4. IB English is concerned with HOW. How is a certain effect created? You use literary techniques as your main points for each paragraph and have points and quotes to backup each technique. Introduction: you start with a general idea then work your way to a more focused idea, then your last sentence should be your thesis statement, which lists your main paragraph's ideas. So for example if I'm doing literary techniques to show characterization my thesis could be "(author) uses techinique A, B and C to show characterization." (Of course this is the way I would say it and you should say it in your own voice). Then your body paragraphs. One will be on technique A, the next will be on B and the next will be on C. In paragraph A, you have a topic sentence relating to your thesis like technique A shows characterization by doing this. You then follow PEA/PEE/PEAL/PEEL. It stands for point, evidence/example, analysis/explanation, link So for technique A, you would have a point, then you put a quote that proves that point then you explain and analyze the quote, and you link it back to your thesis and you do that again for every point you have. So paragraph A might have several PEAs all related to your main idea. So a point for every piece of evidence. Example (Topic sentence) technique A (let's say diction) shows characterization by showing x character's personality. Then you put a quote supporting that, analyze the quote saying how it shows x's personality and link it to your thesis. Then you move on to another point. Technique A also shows characterization by doing xxx and you put a quote, analyze and link. And repeat for every quote you have that proves how technique A shows characterization. Then you conclude. Then repeat the above for technique B and C in a separate paragraph each. Then conclusion: Reword your thesis, then go over the main ideas of what you wrote. I believe paper 1 is the unseen commentary and I think in your intro you also talk about the main idea of the passage and then you go on to discuss literary techniques. So you would kind of follow this format. I'm not sure about paper 2 though, we haven't really done anything. And if anyone notices mistakes please correct me! This is how I think the essays are supposed to be but I don't know for sure if I'm doing it right. I don't really have any solid examples. I'd recommend finding some 7 essays to look at. You can also ask your teacher for tips when you get your papers back or if they have any example papers. It might seem a little repetitive and robotic but this is just the basic method. Once you have this method down you can add your own style in and it will be more in your voice. Hope this helps, again, I'm not sure if I'm doing it right but if you do use this method let me know how it goes! And of course you can combine this with other people's methods as well. Good luck! (Also it's kind of all jumbled up because I just followed my train of thought. When you write your essays, make sure you prewrite and form an outline first so that this doesn't happen )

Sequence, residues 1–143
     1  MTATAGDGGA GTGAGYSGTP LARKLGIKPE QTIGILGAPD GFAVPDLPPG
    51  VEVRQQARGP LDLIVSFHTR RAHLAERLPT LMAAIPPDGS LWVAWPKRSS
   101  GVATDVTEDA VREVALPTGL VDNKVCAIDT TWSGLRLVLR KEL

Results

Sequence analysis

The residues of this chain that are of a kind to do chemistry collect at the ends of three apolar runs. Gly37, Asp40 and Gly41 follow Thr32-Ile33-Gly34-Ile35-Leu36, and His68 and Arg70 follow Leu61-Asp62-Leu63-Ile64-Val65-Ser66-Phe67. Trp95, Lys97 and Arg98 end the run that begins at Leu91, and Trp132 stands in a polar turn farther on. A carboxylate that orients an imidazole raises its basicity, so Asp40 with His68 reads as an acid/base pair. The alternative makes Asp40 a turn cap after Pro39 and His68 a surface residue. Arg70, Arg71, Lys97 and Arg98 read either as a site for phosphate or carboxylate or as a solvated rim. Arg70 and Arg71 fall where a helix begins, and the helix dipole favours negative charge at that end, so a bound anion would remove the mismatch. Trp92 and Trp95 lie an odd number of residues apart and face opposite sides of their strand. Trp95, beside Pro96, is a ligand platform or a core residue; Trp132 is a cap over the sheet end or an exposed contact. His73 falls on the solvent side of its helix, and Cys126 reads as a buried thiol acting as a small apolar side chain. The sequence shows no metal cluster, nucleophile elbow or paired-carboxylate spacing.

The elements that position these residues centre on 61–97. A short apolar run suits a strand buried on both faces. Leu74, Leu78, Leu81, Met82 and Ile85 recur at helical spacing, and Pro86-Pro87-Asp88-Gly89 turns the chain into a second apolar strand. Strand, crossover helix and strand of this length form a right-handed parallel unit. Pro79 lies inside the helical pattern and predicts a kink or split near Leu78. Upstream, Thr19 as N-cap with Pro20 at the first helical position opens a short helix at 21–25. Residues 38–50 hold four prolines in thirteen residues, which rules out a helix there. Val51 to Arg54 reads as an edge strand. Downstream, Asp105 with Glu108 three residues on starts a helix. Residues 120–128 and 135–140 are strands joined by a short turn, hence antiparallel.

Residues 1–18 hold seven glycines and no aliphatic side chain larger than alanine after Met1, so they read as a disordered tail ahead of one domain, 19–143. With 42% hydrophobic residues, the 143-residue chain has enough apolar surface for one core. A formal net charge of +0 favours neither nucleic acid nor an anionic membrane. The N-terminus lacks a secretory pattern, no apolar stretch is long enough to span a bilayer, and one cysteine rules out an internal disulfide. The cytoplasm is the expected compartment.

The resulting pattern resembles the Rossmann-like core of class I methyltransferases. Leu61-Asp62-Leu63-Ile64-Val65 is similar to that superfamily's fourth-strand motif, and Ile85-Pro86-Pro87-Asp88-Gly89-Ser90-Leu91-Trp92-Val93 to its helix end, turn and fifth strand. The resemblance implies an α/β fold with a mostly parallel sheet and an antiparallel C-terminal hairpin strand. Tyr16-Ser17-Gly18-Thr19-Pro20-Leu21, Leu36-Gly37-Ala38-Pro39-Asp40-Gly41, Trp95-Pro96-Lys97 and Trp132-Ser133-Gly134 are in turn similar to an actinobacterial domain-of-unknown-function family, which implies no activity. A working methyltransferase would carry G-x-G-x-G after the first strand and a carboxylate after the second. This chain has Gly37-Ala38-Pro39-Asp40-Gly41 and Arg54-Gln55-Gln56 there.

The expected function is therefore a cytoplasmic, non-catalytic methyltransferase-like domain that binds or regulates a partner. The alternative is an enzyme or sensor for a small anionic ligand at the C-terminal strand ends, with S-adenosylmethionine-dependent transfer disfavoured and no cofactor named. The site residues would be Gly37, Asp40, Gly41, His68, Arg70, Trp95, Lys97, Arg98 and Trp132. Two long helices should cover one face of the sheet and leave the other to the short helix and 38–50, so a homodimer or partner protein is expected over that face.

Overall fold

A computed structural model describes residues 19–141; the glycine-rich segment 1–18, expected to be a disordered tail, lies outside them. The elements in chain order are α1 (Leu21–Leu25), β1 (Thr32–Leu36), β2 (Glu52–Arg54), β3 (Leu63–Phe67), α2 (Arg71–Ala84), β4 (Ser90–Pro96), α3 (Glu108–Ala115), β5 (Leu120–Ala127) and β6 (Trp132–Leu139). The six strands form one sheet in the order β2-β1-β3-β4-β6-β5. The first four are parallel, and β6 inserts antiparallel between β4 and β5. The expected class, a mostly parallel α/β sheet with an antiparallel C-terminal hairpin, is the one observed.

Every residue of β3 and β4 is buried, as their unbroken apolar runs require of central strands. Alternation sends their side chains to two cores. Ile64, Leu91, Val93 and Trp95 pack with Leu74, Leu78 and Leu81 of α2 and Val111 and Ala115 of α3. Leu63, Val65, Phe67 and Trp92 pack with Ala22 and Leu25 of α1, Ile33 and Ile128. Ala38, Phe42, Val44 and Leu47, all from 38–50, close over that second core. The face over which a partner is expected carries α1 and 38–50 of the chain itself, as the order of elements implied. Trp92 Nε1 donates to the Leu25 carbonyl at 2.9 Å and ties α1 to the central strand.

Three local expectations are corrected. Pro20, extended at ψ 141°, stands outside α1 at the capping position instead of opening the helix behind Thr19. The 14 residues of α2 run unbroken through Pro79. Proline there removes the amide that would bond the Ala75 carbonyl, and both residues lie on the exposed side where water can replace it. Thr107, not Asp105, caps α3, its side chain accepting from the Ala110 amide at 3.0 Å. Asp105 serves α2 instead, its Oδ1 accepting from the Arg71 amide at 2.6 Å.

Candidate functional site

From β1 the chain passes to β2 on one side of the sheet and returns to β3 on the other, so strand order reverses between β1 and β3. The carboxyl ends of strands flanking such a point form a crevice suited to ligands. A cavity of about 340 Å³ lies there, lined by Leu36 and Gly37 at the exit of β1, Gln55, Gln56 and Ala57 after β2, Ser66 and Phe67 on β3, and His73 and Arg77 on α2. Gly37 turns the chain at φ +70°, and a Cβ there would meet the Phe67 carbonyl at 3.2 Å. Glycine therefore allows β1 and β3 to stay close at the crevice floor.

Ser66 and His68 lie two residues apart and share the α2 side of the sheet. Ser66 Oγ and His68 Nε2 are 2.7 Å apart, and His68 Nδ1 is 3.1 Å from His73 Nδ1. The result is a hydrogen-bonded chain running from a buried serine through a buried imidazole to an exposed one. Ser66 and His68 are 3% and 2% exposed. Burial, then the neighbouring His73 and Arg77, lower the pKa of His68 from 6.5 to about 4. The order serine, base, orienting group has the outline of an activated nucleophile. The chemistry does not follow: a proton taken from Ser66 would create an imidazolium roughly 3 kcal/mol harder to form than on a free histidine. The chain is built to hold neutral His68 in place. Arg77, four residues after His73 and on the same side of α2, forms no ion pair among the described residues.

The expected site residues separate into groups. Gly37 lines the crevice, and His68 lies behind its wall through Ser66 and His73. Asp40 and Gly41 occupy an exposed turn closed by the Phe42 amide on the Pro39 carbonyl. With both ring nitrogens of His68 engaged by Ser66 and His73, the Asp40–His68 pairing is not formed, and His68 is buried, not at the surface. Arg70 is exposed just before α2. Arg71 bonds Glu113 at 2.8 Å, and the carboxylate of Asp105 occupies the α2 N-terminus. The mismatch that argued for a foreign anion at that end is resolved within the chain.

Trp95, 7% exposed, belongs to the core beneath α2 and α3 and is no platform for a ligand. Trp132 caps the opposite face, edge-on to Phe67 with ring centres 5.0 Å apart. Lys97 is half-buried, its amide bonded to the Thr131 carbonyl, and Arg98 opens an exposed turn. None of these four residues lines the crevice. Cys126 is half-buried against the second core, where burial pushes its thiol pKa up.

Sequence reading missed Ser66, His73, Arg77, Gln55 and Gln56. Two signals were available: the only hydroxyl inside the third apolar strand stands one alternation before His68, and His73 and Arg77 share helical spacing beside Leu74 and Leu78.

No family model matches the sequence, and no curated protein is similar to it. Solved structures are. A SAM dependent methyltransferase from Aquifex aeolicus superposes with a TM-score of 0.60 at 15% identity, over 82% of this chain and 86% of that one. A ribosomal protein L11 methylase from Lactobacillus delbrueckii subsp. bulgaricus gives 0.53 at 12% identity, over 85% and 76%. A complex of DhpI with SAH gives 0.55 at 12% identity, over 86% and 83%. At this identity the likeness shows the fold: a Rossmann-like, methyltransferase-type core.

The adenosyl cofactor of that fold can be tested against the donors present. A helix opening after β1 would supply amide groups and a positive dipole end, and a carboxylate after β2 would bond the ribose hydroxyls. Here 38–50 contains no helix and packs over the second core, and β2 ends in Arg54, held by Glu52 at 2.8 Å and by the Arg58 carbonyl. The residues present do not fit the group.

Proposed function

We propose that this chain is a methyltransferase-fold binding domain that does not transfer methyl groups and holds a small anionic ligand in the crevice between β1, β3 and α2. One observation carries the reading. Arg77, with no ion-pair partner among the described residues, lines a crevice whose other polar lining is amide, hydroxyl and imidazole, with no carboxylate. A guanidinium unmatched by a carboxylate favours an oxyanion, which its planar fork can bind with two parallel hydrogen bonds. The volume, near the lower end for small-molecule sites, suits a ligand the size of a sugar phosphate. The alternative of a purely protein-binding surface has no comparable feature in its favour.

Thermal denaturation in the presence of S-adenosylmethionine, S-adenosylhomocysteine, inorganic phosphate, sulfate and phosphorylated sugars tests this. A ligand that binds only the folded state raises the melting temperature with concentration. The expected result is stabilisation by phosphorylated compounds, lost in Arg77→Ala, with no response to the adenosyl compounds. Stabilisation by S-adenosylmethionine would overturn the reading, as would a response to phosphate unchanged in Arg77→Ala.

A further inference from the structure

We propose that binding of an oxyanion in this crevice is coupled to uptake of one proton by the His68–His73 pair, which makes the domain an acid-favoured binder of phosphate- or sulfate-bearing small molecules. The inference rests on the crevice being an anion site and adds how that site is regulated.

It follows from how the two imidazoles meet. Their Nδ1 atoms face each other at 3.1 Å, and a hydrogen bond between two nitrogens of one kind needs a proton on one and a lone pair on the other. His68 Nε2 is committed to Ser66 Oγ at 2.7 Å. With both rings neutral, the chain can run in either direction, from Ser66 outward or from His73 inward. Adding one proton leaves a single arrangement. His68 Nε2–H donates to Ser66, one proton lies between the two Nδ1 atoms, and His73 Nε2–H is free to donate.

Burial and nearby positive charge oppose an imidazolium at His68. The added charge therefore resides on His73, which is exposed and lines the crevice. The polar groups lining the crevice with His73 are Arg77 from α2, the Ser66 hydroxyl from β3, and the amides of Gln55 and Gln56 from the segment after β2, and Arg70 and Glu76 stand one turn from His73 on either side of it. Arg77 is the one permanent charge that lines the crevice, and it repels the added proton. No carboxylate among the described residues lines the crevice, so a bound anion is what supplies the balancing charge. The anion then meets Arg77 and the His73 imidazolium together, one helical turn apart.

5. Some of my friends work and they're the ones doing really well. I guess if you're really busy you manage your time better and you end up actually studying more instead of wasting time? It's definitely a good idea to work just weekends. Also, you could try tutoring. Then you can set your own hours, improve your skills and make more than minimum wage. (I charge almost double minimum wage but it depends on what other people in your area charge and how good you are at tutoring and how well known you are). For me it's also stress relief because it's relaxing to just know how to solve every question in a lower grade. It's a complete contrast to IB where you're not really sure of anything . And I find that I have a greater understanding of basic concepts which do kind of help even in IB.